Detective set

Plan Toys detective setDetective Set

This set has everything your little detective needs to solve whatever mystery they might encounter: an eye glasses, walkie-talkie, camera, a red lens, a periscope and a bag. Neighborhood watch? Watch out.


Wooden doll stroller

Janod wooden doll strollerWooden Doll Stroller

Take their charges on a stroll around the block with this classic doll stroller. With the same versatility they're used to in their own ride, this heirloom quality carriage allows their doll or stuffy to face them or face the world.


Sand play set

Plan Toys sand set

Whether you're hitting the beach or the backyard sandbox, this adorable wooden sand set is ready for action. Each scoop has an embossed pattern that's perfect for sand stamping. They're also totally suitable for water play in the wild or the bathtub.


Water play set

Plan Toys water play set

Filled with sand or water, this tabletop sized activity set keeps little ones busy, quiet and happy. (A mama's ideal trifecta 😉). It's big enough to satisfy their play needs but not so big it's going to flood your floors if you bring the fun inside on a rainy day.


Mini golf set

Plan Toys mini golf set

Fore! This mini golf set is lawn and living room ready. Set up a backyard competition or incorporate into homeschooling brain breaks that shift focus and build concentration.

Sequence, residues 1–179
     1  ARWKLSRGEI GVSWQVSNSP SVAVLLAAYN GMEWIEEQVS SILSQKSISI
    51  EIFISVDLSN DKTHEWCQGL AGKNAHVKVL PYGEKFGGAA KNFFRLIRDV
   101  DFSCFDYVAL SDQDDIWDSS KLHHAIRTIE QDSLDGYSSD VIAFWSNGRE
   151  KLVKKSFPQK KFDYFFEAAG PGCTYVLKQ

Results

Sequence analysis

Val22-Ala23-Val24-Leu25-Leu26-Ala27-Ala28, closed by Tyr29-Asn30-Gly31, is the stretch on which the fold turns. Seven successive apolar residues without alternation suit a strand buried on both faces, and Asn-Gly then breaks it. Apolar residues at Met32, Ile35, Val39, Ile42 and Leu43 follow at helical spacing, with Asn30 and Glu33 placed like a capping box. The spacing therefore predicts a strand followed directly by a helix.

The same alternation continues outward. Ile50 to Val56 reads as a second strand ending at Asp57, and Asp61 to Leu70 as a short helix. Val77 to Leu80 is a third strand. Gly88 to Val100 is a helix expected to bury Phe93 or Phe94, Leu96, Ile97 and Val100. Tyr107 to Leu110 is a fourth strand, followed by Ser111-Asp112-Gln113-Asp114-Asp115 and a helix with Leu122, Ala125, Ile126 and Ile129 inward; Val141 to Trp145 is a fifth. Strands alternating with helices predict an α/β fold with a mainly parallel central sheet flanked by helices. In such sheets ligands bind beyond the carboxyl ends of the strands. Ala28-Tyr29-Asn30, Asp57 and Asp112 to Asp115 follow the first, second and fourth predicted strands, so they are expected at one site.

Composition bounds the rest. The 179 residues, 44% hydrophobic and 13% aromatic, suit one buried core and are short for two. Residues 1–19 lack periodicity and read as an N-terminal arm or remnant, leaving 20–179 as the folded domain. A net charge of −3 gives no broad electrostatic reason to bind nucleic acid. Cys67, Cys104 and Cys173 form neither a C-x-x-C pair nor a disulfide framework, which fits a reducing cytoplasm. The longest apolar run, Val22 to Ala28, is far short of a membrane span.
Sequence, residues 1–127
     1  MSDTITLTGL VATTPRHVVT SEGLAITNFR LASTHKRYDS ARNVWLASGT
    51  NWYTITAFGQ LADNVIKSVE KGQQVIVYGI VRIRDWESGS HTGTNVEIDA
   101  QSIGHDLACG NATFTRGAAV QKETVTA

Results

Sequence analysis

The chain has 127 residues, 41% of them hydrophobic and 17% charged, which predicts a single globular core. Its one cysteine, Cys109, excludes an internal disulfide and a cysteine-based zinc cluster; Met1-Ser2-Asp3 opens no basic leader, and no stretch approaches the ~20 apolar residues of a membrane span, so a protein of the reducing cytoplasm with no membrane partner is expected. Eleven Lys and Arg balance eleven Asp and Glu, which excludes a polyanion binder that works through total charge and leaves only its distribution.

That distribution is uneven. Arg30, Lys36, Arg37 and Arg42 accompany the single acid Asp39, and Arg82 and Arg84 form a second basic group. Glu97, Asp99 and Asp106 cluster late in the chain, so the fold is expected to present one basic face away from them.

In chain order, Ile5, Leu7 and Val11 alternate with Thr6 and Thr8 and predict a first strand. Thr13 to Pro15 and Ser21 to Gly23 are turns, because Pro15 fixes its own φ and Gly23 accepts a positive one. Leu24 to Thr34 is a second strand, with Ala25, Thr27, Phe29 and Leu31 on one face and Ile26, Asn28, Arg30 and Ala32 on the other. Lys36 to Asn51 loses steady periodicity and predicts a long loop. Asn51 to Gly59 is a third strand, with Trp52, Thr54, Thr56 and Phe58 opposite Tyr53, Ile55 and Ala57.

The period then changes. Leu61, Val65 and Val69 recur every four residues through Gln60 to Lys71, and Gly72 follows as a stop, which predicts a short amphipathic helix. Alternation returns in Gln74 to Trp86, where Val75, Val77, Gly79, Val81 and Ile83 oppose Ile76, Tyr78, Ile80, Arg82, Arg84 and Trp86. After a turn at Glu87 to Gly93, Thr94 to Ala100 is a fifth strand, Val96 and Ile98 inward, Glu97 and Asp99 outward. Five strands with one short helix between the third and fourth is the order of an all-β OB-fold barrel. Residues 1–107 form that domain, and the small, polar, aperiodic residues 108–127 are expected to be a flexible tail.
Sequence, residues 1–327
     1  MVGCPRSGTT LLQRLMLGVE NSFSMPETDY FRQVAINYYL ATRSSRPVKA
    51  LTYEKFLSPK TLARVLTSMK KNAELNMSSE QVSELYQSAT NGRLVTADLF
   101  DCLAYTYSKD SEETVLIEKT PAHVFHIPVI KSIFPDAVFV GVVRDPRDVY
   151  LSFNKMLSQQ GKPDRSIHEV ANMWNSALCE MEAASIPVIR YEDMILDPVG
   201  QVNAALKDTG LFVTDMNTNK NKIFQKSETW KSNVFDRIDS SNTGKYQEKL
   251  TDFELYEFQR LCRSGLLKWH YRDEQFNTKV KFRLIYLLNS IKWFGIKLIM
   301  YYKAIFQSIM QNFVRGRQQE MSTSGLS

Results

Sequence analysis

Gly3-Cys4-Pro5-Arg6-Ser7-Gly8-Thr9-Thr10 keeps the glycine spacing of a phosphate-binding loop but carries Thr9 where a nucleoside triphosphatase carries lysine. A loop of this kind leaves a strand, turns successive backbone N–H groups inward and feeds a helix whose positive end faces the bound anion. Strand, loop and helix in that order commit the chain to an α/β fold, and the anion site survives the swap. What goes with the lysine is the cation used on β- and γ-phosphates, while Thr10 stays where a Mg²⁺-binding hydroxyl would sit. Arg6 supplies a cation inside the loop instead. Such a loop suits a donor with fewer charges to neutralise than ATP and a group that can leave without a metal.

Vintage scooter balance bike

Janod retro scooter balance bike

Pedals are so 2010. Balance bikes are the way to go for learning to ride a bike while skipping the training wheels stage altogether. This impossibly cool retro scooter-style is built to cruise the neighborhood or open indoor space as they're learning.


Wooden rocking pegasus

plan toys wooden rocking pegasus

Your little will be ready to take flight on this fun pegasus. It gently rocks back and forth, but doesn't skimp on safety—its winged saddle, footrests and backrest ensure kids won't fall off whether they're rocking inside or outside.


Croquet set

Plan Toys croquet set

The cutest croquet set we've ever seen! With adorable animal face wooden balls and a canvas bag for easy clean up, it's also crafted to stick around awhile. Round after round, it's great for teaching kiddos math and problem-solving skills as well.


Wooden digital camera

fathers factory wooden digital camera

Kids get the chance to assemble the camera on their own then can adventure anywhere to capture the best moments. With two detachable magnetic lenses, four built-in filters and video recorder, your little photographer can tap into their creativity from summertime to the holidays.


Wooden bulldozer toy

plan toys wooden bulldozer toy

Whether they're digging up sand in the backyad or picking up toys inside, kids can get as creative as they want picking up and moving things around. Even better? Its wooden structure means it's not an eye sore to look at wherever your digger drops it.


Pull-along hippo

janod toys pull along hippo toy

There's just something so fun about a classic pull-along toy and we love that they seamlessly transition between indoor and outdoor play. Crafted from solid cherry and beechwood, it's tough enough to endure outdoor spaces your toddler takes it on.


Baby forest fox ride-on

janod toys baby fox ride on

Toddlers will love zooming around on this fox ride-on, and it's a great transition toy into traditional balance bikes. If you take it for a driveway adventure, simply use a damp cloth to wipe down the wheels before bringing back inside.


We independently select and share the products we love—and may receive a commission if you choose to buy. You've got this.